Danish conglomerate AP Møller-Maersk has delivered a damning assessment of the state of the container shipping sector by signalling it will switch investment to its other businesses.
Nils Andersen, chief executive, told the Financial Times that the group would no longer invest large amounts in Maersk Line, the world's biggest operator of container ships with a 16 per cent market share, and would instead focus on its oil, drilling rigs, and ports divisions.
"We will move away from the shipping side of things and go towards the higher profit generators and more stable businesses," Mr Andersen said. "What we are going to do over the next five years, we are not going to invest significant amounts in Maersk Line. We have sufficient capacity to grow in line with the market," he said.
"When we have taken that shift, probably more than 50 per cent of our capital will be tied up in these three other businesses. Maersk Line will then account for 25-30 per cent of capital. We will have four businesses of almost equal size."
The move represents a significant change in strategy for Maersk . The company and what it says about trends in global trade are seen as a barometer for the container shipping industry. It also reflects a frustration among senior management of Denmark's biggest company by sales at the volatility of Maersk Line's earnings.
In 2011, Maersk Line recorded a net loss of $540m, while the oil division posted a profit of $2.1bn, and drilling and ports earned $500m and $650m, respectively.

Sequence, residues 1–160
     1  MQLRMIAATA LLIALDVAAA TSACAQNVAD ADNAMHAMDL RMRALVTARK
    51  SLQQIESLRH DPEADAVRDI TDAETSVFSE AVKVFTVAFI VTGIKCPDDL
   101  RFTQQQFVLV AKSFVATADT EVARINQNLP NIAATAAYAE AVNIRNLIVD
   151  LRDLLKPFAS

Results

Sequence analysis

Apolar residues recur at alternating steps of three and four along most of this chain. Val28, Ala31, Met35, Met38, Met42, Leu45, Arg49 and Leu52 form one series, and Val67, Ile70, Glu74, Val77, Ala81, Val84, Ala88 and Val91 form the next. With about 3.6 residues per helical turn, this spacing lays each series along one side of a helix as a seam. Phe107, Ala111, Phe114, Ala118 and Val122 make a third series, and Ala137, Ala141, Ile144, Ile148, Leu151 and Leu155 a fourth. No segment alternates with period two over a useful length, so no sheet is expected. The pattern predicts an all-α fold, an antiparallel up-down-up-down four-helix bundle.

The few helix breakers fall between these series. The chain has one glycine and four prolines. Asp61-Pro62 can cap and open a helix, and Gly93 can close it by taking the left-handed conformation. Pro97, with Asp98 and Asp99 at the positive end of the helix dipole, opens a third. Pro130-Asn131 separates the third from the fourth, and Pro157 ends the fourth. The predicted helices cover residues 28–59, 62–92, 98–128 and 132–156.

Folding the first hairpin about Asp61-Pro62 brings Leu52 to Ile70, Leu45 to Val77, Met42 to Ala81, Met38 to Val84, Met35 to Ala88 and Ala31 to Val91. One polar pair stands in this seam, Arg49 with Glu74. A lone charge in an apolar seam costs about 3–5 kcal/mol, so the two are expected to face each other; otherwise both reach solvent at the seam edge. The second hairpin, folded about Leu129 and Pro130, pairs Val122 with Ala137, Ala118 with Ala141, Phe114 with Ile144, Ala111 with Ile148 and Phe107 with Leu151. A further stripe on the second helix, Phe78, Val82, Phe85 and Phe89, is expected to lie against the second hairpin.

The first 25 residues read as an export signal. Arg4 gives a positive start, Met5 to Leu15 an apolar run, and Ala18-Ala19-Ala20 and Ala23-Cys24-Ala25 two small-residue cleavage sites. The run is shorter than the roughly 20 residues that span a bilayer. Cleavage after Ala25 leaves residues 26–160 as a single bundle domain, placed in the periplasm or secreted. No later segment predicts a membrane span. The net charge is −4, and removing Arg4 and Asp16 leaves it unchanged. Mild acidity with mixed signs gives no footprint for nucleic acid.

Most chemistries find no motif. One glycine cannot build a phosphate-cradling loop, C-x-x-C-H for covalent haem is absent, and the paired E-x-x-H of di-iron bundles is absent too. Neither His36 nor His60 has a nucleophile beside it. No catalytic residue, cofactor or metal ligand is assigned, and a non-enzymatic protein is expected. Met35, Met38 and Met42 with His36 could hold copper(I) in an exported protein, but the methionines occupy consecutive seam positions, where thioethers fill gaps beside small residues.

Although the container shipping business is expected to record a "modest" profit for 2012, analysts say the volatile outlook for the industry looks set to continue for at least another three years.
The weak global economy has left the industry struggling to make money as freight rates fluctuate wildly and regularly do not cover operating costs. The arrival of new tonnage, ordered largely during the boom years before 2008, has left the sector massively oversupplied.
"This year we don't expect the carriers to make money despite rate increases, and next year we also see the environment as very challenging," said Neil Dekker, head of container research at Drewry, a London-based shipping consultancy.
Maersk has set earnings targets for ports and drilling of $1bn a year each by 2018.
Maersk Oil has the target of increasing its production from 265,000 barrels of oil a day to 400,000 in 2020 and will increase its annual investment from $1bn-$3bn in recent years to $3bn-$5bn.
Dan Togo Jensen, an analyst at Handelsbanken, said: "They have got the financial power to do what they want. Whether it is the right business areas remains to be seen. But it makes sense to put the brakes on the container side."